by Dale Ryan
I just finished reading a history of the so-called Opium Wars. It’s not a pretty story. It was the 1830s, and England was importing millions of dollars’ worth of tea from China every year but not selling anything of significance to China in return. As a result it had a huge balance-of-payments problem. England’s solution? Grow opium in India, a British colony, and import it to China. If a large enough market could be created for opium, then England could continue to import its mild stimulant, tea, without damaging its economy.
English merchants were wildly successful at creating a market, but the price for this policy, from the Chinese perspective, was high. By 1840 China’s opium addicts totaled 10 million. Lin Zexu, the Chinese High Commissioner of Canton, wrote to Queen Victoria complaining that Chinese customers spent 100 million taels annually (1 tael equaled 38 grams of silver) on opium, while the entire budget of the government was only 40 million taels. Insisting on a complete cessation of the drug traffic, he remarked, “There is a class of evil foreigner that makes opium and brings it for sale, tempting fools to destroy themselves, merely in order to reap profit.”1
While the Chinese were learning from painful experience about the high price of addiction, the English were learning about the benefits of being drug dealers. By 1870 almost 15 percent of the English national budget came from taxes on opium. They were as addicted to the income as the Chinese were to the drugs. In public, of course, the English defense of the drug trade was cloaked in arguments about “free trade.” Any interference with the importation of opium to China could not be tolerated; it was an offense against the “free market” and “world commerce.” Someone was going to be the dealer, proponents argued, so why shouldn’t hard-working English merchants have the opportunity to benefit from the free market system? Thankfully, some voices rose up in opposition to the state-sponsored English drug dealers. William Gladstone, an opposition member of Parliament, said of the first war with China over opium: “A war more unjust in its origin, a war calculated in its progress to cover this country with a permanent disgrace, I do not know and I have not read of. . . . [Our] flag is become a pirate flag, to protect an infamous traffic.”2 But such opposing voices were too few and too disorganized to have much impact on the lucrative opium trade.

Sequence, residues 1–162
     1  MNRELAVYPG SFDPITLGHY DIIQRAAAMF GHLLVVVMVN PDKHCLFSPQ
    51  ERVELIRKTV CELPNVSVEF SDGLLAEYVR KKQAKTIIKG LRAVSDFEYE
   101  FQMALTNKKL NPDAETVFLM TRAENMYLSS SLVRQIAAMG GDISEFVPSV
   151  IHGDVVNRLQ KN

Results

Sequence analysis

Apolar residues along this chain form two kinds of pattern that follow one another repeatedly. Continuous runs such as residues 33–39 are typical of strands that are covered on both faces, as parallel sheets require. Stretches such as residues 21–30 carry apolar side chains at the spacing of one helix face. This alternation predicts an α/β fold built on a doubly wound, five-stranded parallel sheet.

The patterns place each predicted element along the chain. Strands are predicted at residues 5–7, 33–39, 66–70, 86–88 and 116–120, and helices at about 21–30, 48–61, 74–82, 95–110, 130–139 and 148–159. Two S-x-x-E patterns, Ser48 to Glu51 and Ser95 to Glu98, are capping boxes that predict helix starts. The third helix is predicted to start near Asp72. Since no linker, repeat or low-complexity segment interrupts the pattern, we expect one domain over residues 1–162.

The long-term impact of English greed and Chinese addiction is a tragic story. England acquired its most successful and profitable colony, Hong Kong, by turning a substantial portion of the Chinese population into drug addicts. Opium played a much larger role in subsequent Chinese history than the English drug dealers had ever imagined. By the time Japan invaded China during World War II, 40 million Chinese, 10 percent of the entire population, were estimated to be addicted to opium. For British-controlled Hong Kong, the estimate is closer to 30 percent. Not until the Communist takeover in 1949 did things change significantly—and then only because of Mao’s ruthless policies. Dealers were executed. And although users were often treated humanely, many of them also were executed after relapsing. Not exactly an enlightened treatment philosophy.
So is this just an interesting bit of history? The World Health Organization (WHO) estimates that by the year 2025 10 million people annually will die of tobacco-related causes. The United States is the world’s number-one exporter of cigarettes, producing one-fifth of the world’s supply. When the WHO met recently in Geneva to finish negotiating a global treaty that would govern tobacco advertising, cigarette labeling and taxation, the countries most negatively impacted by the tobacco trade argued for restrictions, higher taxes and bans on advertising. The nations who benefit most from the trade talked about “free trade” and “free speech.” Major U.S. public health groups such as the American Cancer Society and the American Heart Association accused the U.S. Government of being the “primary obstacle” to a strong treaty because of the economic benefits that the U.S. receives from the trade in tobacco. Dr. John Seffrin, CEO of the American Cancer Society, said of the negotiations: “At this crucial state, the United States is working methodically to weaken virtually every aspect of this treaty.”3
Nicotine addiction is, of course, not the same as opium addiction. But both kill. Here’s the bottom line. (1) There will always be people who benefit from addiction. Dealers will make money. And they will defend their practices using terms like “free trade.” (2) Most people who make money selling addictive substances will find ways to avoid facing the long-term impact of their behavior. (3) Addiction will always be an international, cross-cultural business. (4) If addiction is a global issue, then recovery needs to be a global response.
I know that today it may be necessary for you to stay focused close to home. The issue for you may be, How am I going to stay sober today? But the time will come in your recovery when it is appropriate to think about reaching out to those who still suffer. Even now it might be appropriate to say a prayer on behalf of the people God is raising up in various parts of the world to share their experience, strength and hope.
We pray that the Lord of all the Earth will bring light into the darkness of addiction wherever it has taken root.
1. W. Travis Hanes and Frank Sanello, The Opium Wars: The Addiction of One Empire and the Corruption of Another (Sourcebooks Inc., 2002), 39.
2. Ibid., 79.
3. BBC News Online, 2/25/03